had a meeting and some research to do so I was wandering around the city centre flitting from air-conditioned space to air-conditioned space, from shade to underground arcade like an animal. I eventually headed to meal muji in nanba for a cheeky coffee and melon pan. a regular haunt, it is thankfully mildly air conditioned opposed to my local supermarket which could be mistaken for a walk-in freezer. It takes a keen eye to spot the mildly air-conditioned carriage on the train as well - I find the cold carriages an uncomfortable environment to mix with sweat.
meal muji reminds me of a minimal version of 'hendersons' vegetarian cafe in edinburgh and it's a fine place to go and have a bit of space, decent scran and do some thinking. It's nice that there is a good range of seating options - from a huge circular table to high stools and shelf. I talked myself out of buying a yukata coz I think I'll look like a fanny but function might yet win over.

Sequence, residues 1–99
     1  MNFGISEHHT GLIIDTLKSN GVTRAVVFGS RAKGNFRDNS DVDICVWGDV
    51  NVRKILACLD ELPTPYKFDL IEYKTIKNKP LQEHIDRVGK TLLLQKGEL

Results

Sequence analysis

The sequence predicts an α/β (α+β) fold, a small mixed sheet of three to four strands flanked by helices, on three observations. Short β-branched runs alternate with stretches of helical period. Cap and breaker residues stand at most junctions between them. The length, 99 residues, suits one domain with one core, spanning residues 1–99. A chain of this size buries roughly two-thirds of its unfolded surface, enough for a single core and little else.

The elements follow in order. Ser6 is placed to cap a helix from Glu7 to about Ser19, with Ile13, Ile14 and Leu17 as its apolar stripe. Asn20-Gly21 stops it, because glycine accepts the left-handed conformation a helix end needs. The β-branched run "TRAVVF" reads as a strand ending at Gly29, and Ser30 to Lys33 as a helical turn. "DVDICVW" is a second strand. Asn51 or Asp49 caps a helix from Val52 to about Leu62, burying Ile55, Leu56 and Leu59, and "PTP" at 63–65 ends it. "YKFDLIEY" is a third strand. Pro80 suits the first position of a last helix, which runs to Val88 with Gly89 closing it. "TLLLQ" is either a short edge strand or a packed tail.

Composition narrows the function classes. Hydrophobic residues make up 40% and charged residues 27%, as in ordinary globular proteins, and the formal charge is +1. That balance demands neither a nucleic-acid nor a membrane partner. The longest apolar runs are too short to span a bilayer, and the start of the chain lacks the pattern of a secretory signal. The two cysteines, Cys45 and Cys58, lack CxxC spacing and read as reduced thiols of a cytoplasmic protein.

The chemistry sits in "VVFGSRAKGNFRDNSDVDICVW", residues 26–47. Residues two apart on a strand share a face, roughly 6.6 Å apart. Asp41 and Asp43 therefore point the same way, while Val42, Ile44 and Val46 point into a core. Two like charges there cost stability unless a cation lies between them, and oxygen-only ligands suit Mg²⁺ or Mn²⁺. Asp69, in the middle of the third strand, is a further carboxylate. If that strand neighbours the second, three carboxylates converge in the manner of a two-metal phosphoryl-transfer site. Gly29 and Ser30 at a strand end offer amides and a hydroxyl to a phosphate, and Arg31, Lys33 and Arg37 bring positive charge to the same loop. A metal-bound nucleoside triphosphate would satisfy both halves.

I met up with benjamin and satoko in kyoto who managed to make it down for the weekend on their visit from NY to kamakura. it's been two years since I saw ben and the first time I met satoko who was, as I'd suspected, just lovely: we had a wonderfully relaxed time being lazy tourists. on saturday we strolled up the west side of town from kiyomizutera, through gion, and watched the live music being played below the stilted, outdoor restaurants on the river. after checking into our ryokan we had the much anticipated hot bath which ben, never one to pass up the opportunity of getting naked, was really getting into during his brief stay in japan.
I had a meeting near shibuya today in daikanyama. nice gaff: all the fashion names (APC, 45rpm etc) seem to have their main shops and headquarters there. as a visitor, the yamanote line was an enjoyable exercise in information graphics and whilst tokyo does it much better than osaka, it's also horrifically busy. to be honest it's the first time I've been squeezed solid against others and hopefully I won't do it again in a while. terribly uncivillised. I did take the advantage of groping some young women as I read it was 'de rigueur' last year. the information is great though - exactly what you need: amoungst other things - tv's telling you how long til your next station and where the exits are relative to your carriage. basic, but so rarely available elsewhere. every design student should visit tokyo.
now I've got the weekend in kyoto which will be a welcome relief.
Posted by stupot at 11:55 PM Friday 21 Jul